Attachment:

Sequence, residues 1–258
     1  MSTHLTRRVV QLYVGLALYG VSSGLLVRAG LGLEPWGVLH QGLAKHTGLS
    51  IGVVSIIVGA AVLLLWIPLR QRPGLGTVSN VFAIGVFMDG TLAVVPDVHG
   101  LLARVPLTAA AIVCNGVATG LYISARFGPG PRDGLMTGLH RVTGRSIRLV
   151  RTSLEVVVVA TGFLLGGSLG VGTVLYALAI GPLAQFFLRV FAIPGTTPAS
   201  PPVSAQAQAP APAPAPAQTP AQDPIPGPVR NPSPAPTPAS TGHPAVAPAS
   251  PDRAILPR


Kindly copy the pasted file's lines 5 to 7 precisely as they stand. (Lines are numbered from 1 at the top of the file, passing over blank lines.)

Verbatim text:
   151  RTSLEVVVVA TGFLLGGSLG VGTVLYALAI GPLAQFFLRV FAIPGTTPAS
   201  PPVSAQAQAP APAPAPAQTP AQDPIPGPVR NPSPAPTPAS TGHPAVAPAS
   251  PDRAILPR